1) In the three years ending 2007 where this company had every possible factor working in their favor (best consumer credit / demand environment perhaps ever, much smaller base, etc.) the company grew both revenue and EPS (EBITDA margins declined over that time) around 24% / year. Again this was in probably the most favorable environment possible which is not likely to recur in that form anytime soon. Nevertheless, if you assume 24% for the next three years which i think is EXTREMELY unlikely given the change of consumer mindset, rising unemployment, sales this year down mid single digits, this stock would still trade at 40x 2012 earnings. As for what type of growth the company is likely to achieve once the world gets back to some measure of normal, the CEO said at a conference in September that it is their expectation that they can achieve "double-digit revenue growth." Again that type of growth is great but nowhere near what is needed to sustain the current valuation.
2) Looking at it a different way, we asked the company what they think is ultimately possible in terms of market size, share and margins. It is important to note that around 2/3 of the company's revenue is from engagement rings so it is still something of a niche business that they haven't found a way to break out of during their existence to date (pretty good time sample). The company thinks that, way down the line, they can grow revenues well north of a billion dollars from (say 3-4x current levels) and increase EBITDA margins which have been steadily declining since 2005 from current LTM level of 6.1% to perhaps double that amount. What would that get you in this far out bull case scenario? If the company can achieve say $130mm in EBITDA a decade from now (LTM figure is $18mm), the stock at current levels would still be trading almost 7x EBITDA! The company also likes to stress its long-term international potential (around 10% revenue currently) but this is likely overstated given that they have had limited success thus far and only recently even managed to get certain of their foreign sites translated into local languages. This is pretty telling given the maturation of online retailing both home and abroad.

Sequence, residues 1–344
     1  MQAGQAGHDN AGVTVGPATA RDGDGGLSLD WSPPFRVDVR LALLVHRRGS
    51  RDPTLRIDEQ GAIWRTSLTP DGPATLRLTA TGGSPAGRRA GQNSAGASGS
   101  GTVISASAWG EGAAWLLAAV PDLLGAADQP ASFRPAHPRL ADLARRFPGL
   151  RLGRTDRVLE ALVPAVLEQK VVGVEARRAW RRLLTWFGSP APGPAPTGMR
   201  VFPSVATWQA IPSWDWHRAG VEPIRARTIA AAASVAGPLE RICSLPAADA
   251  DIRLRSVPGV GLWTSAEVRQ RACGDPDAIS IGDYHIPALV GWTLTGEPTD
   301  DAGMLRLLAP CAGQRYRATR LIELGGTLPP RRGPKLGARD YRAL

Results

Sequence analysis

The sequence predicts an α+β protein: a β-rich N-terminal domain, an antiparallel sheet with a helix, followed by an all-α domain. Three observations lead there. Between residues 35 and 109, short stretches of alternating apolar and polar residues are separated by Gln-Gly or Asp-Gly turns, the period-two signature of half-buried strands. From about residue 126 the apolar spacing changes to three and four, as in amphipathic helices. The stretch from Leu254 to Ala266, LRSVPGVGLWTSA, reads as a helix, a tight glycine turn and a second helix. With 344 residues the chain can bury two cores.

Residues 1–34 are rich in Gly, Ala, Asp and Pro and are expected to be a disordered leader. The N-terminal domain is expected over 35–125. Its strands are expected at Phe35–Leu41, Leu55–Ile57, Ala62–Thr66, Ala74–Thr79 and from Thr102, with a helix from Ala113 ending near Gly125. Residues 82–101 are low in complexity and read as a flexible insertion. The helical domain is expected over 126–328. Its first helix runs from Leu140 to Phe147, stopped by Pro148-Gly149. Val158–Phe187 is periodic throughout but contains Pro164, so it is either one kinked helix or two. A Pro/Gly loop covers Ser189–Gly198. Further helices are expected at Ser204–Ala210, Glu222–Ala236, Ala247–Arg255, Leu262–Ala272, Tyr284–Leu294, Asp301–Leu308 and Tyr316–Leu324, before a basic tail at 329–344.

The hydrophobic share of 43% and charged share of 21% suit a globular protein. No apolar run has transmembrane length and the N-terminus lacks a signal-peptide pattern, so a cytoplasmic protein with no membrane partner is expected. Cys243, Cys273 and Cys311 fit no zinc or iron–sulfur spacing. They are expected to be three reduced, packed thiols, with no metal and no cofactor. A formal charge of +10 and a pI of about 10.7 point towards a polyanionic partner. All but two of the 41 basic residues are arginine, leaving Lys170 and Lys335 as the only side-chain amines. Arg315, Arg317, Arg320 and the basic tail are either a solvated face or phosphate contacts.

In terms of what a reasonable valuation might be, I would argue that something like $40 per share (still at 30x 2012 earnings assuming 15% EPS growth per year) would account for all of this company's positive attributes and opportunities.
What do insiders think of the valuation? i think this summary from yahoo sums up their bearishness pretty well: http://finance.yahoo.com/q/it?s=NILE
So is this just a short squeeze? It doesn't appear to be a classic short squeeze. There is a large short interest (3.1mm shares according to bloomberg) of approximately 21% of shares outstanding but it is quite easy to borrow (negative rebate of around 2%). I'm sure technical factors have played a role in the recent run-up but they don't seem to be the dominant forces here.